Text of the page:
The Rise of Technology and Fundraising Education
College and university programs are helping educate the fundraising sector.December 2013 BY JOE BOLAND
Over the past 20 years or so — and especially the last decade — there has been a rise in colleges and universities dedicating studies to the profession of fundraising. It’s led to a whole new generation of fundraisers learning some of the tricks of the trade before graduating, thus entering the field with some practical knowledge of how things work.
One school is New York University’s George H. Heyman Jr. Center for Philanthropy and Fundraising, which offers a master’s and noncredit certificate programs, and other noncredit courses. Here, Marcia Stepanek, an adjunct professor at the Heyman Center, speaks with FundRaising Success about the rise of technology and how the Heyman Center and schools like it are educating the fundraising sector.
FundRaising Success: How did you get involved with teaching at NYU?
Marcia Stepanek: I’m the center’s new media advisor, and I’m on the master’s faculty. I have developed a master’s course in social-media strategy and another in cause video, and I also teach in the noncredit program social media and cause video.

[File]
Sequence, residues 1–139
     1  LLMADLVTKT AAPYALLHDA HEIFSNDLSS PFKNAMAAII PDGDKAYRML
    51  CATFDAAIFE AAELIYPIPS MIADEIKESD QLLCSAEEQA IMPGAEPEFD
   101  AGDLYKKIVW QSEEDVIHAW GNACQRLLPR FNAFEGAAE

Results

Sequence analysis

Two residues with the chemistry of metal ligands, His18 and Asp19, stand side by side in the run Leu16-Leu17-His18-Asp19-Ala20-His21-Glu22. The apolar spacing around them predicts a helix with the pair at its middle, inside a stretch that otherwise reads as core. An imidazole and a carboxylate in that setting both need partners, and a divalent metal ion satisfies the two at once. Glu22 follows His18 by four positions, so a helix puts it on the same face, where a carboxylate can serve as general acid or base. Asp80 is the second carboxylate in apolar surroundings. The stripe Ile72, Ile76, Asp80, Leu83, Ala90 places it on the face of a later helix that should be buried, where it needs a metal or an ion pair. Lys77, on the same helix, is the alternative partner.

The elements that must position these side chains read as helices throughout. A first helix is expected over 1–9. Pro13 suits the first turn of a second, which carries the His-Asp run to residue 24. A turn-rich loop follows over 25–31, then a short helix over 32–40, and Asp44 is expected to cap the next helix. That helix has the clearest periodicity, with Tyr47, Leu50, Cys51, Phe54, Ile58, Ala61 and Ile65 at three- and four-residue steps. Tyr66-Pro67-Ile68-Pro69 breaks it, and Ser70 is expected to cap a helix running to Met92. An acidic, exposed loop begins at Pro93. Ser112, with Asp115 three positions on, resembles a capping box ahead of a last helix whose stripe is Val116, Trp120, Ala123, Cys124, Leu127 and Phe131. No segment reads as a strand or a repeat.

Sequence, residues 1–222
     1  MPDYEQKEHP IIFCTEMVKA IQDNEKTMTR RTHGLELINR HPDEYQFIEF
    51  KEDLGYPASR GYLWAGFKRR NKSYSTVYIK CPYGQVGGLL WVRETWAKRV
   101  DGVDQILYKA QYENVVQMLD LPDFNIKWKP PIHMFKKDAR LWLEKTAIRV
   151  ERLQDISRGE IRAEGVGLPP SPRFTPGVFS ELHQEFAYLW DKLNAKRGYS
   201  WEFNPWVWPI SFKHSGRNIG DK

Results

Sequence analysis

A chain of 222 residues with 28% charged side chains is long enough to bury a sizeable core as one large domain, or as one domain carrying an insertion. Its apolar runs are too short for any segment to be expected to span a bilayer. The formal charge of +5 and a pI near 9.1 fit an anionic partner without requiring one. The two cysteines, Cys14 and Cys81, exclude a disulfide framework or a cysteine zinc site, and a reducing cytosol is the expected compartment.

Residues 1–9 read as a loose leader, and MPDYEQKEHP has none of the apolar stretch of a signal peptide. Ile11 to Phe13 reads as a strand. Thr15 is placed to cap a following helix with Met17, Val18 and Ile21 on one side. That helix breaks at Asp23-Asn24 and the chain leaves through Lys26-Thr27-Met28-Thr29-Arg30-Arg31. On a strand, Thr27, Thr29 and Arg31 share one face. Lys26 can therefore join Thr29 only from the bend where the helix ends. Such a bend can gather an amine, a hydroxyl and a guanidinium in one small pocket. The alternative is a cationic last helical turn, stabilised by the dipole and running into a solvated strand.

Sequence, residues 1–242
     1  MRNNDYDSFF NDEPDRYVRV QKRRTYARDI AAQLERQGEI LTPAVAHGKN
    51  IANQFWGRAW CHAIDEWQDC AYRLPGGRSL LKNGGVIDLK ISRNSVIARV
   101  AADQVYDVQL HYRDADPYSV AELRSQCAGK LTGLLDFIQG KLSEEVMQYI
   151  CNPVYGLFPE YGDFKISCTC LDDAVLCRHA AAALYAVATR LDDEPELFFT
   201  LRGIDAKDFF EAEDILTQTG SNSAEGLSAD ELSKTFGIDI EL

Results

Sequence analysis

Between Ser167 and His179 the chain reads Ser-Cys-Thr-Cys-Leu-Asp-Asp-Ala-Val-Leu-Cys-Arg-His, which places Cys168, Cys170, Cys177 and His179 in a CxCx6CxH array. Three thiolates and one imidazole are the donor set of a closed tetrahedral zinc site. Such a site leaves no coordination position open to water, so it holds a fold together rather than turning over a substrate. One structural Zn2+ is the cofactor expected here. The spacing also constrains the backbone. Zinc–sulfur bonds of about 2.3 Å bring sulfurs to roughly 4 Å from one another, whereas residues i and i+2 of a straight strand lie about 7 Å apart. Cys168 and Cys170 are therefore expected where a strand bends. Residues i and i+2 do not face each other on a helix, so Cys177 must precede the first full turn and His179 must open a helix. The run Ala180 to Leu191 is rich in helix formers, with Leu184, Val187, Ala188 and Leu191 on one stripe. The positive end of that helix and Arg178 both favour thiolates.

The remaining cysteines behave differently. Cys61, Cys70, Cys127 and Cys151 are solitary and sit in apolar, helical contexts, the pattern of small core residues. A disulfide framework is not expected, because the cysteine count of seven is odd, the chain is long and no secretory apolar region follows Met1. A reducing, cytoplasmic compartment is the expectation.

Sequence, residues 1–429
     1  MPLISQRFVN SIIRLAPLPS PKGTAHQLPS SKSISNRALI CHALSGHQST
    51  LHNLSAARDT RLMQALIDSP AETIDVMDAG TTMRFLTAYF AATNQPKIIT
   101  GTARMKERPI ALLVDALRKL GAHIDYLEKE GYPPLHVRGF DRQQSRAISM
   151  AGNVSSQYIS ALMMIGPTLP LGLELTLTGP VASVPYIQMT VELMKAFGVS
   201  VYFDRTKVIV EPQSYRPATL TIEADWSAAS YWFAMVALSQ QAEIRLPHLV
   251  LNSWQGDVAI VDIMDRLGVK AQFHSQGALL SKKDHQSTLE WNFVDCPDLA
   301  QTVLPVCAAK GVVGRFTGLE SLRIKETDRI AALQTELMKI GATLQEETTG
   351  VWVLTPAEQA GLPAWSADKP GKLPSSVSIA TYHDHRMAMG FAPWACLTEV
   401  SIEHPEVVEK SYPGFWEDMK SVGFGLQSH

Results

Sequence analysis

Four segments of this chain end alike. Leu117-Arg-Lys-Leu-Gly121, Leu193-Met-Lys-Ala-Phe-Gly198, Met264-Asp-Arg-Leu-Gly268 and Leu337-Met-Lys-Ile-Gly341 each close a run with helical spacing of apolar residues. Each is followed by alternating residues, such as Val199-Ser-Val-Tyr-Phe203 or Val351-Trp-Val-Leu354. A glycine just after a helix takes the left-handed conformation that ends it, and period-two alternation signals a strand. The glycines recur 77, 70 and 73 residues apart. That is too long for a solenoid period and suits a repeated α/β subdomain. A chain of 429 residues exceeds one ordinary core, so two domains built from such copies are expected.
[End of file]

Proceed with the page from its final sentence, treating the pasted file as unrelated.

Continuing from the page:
I taught the center’s first course in social media way back in 2010, and two years ago I created in our master’s curriculum a very popular course that includes a 14-week strategy session where one of the students takes on a nonprofit and develops a social-media strategy for the organization to help it with new tools to achieve some of its goals. And then I’ve created a cause video lab for the center, which is a series of one-day labs that both apply classroom lessons and storytelling and story-gathering with editing boot camps, if you will, which teach students how to shoot, edit and distribute their very short videos using smartphones.
It’s been really fun. I work at the nexus of storytelling, multimedia journalism, fundraising and entrepreneurialism.
You’re seeing these tools basically take what had been the advocation of many high-net-worth individuals — the 1 percent — and put the ability to jump in and participate in cause building and nonprofit advocacy into the hands of the 99 percent. We see both very wealthy people and not-so-wealthy people but very passionate people across the board getting involved to make the world a better place. It’s really an exciting time for a lot of these tools and how to use them to better convey the work that needs to be done out there.